Kathmandu, August 2- The government, for the first time, has imposed a cap on the interest on loans floated by cooperatives to curb excessive interest rates charged by them, especially by savings and credit cooperatives.
Under the new regulation, which comes into effect on Sunday, the Department of Cooperatives has restricted cooperatives from levying more than 16 per cent interest on loans they disburse to their members.
DoC has also fixed the interest spread rate, which is the difference between interest rate that cooperatives charge on loans and the interest rate they give on deposits, to a maximum of six per cent. This means that if a cooperative is charging 16 per cent interest on loans, it should give 10 per cent interest on deposits.
Due to lack of effective regulation and monitoring, cooperatives had been charging up to 25 per cent interest on loans. As issuance of loans from savings and credit cooperatives is comparatively easier, borrowers often prefer cooperative loans over bank loans despite the high interest rates. However, capping the interest rate on cooperative loans will affect a few banks whose interest rate on loans was 16 per cent at some point.
As the cooperative sector and the interest rate on cooperatives have largely remained unregulated, the interest rate cap will not only ensure healthy growth of the sector but will also provide relief to borrowers from cooperatives, stated Tok Raj Pandey, registrar at the department. “Any cooperative not complying with the new regulation will face legal action,” he said.
The lack of proper regulation to control interest rate in the cooperative sector had not only troubled borrowers from cooperatives and depositors, but also cooperatives themselves. As savings and credit cooperatives started announcing unrealistic interest rates on deposits to collect funds, they became ‘problematic’ in recent years. Cooperatives, especially in countries like Nepal, are the major financial institutions that provide momentum to economic activities at the local level.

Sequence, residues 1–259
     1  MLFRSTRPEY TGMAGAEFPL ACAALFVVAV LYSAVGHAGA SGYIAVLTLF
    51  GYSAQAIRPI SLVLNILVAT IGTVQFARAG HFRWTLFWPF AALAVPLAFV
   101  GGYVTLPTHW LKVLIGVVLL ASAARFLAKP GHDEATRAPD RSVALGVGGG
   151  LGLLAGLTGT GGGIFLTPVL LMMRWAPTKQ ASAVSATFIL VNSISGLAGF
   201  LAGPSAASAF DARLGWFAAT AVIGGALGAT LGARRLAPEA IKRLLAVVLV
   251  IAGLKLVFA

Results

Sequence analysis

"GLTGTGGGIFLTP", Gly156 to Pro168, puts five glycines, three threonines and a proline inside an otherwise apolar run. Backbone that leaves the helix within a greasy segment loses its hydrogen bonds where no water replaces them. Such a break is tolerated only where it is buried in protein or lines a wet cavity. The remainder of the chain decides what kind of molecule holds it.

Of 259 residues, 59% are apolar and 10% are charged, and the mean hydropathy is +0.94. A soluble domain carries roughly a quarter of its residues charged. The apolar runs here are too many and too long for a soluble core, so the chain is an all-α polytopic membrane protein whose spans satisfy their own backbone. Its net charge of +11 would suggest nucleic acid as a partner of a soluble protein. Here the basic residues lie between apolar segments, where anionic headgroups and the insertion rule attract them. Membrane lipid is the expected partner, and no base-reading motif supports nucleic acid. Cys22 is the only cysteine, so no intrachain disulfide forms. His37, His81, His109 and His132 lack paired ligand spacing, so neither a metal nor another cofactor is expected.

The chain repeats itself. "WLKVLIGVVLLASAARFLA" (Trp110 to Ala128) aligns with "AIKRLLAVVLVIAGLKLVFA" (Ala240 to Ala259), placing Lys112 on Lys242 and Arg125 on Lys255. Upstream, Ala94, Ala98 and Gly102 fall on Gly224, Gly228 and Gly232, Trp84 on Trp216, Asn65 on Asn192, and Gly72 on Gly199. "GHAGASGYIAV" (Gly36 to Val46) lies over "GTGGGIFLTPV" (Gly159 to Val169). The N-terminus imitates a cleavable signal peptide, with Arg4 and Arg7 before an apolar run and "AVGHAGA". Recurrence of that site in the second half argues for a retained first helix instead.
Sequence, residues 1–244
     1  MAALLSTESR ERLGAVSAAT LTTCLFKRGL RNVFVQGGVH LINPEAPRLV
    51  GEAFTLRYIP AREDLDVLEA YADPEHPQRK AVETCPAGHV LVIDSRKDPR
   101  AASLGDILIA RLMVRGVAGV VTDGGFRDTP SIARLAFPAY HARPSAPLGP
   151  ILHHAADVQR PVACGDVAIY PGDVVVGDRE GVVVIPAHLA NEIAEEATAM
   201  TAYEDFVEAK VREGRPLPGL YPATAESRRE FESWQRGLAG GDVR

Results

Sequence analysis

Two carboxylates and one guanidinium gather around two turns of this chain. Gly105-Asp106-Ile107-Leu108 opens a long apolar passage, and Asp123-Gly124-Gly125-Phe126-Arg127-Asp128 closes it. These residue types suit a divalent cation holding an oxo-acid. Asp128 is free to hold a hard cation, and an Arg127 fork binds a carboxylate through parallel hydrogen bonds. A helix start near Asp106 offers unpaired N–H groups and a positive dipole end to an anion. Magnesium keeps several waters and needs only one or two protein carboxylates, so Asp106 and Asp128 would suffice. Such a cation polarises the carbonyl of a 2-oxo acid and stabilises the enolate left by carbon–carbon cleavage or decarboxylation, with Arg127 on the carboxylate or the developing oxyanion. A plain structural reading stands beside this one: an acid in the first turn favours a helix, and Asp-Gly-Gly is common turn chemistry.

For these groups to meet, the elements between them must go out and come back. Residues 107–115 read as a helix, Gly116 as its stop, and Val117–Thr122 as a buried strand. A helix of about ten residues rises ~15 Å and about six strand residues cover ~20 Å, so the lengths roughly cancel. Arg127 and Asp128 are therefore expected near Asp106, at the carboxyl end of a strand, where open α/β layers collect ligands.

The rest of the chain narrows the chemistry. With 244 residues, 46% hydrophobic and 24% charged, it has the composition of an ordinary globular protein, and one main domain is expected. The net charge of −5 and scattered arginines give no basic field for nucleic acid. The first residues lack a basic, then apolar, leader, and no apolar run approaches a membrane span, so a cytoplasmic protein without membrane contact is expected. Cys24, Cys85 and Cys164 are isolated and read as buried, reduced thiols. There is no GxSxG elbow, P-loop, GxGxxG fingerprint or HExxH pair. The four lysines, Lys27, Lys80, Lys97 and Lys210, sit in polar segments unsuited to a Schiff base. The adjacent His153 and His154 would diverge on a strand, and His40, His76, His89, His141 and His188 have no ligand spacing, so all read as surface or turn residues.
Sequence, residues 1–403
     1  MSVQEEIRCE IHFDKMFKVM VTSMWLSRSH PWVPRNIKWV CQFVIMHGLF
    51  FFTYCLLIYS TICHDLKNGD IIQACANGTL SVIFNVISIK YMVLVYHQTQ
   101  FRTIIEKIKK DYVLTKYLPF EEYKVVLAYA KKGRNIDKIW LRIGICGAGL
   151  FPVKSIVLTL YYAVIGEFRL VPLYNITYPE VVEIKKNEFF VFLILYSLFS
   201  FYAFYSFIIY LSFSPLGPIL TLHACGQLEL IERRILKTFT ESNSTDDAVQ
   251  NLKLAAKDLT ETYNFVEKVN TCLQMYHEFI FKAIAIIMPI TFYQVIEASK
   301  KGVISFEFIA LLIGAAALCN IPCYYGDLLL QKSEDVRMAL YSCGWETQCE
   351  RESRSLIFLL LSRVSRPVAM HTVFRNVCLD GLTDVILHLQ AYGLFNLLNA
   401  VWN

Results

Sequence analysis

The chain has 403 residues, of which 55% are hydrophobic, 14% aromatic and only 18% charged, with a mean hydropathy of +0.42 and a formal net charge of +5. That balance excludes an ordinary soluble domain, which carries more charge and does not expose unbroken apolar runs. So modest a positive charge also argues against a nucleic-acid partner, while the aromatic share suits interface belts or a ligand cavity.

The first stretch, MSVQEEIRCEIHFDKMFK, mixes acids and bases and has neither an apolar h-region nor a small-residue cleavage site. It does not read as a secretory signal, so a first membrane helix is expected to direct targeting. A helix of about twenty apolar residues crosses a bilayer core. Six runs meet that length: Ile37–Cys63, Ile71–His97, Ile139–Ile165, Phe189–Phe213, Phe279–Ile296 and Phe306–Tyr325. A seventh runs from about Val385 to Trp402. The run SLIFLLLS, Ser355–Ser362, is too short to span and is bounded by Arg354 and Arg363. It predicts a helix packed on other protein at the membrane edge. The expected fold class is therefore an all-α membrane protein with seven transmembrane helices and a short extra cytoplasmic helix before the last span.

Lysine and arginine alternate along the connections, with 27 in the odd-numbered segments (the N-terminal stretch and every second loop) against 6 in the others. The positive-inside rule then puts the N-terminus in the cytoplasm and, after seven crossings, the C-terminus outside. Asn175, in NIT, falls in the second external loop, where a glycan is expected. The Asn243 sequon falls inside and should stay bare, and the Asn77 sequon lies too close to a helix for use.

There are a total of 34,512 cooperatives across the country with almost 6.4 million members. The new interest rate cap is primarily targeted at 13,578 savings and credit cooperatives in the country with almost 3.5 million members.
Earlier, DoC had formed an interest rate fixation committee under the leadership of Registrar Pandey, comprising representatives from Nepal Rastra Bank, Ministry of Finance, Federation of Savings and Credit Cooperative Unions and National Cooperative Federation of Nepal.
The interest rate cap and spread have been determined based on the report prepared by the committee. The cooperative sector has welcomed the decision of the government regarding the new regulation.
“The cap on interest rate and spread has been determined based on the recommendation of cooperatives. This was necessary in view of the widespread network of cooperatives in Nepal, its direct link to the economy and most importantly for the well-being of 6.4 million members that cooperatives in the country have,” said Keshav Badal, chairman of the National Cooperative Federation of Nepal.
Source: The Himalayan Times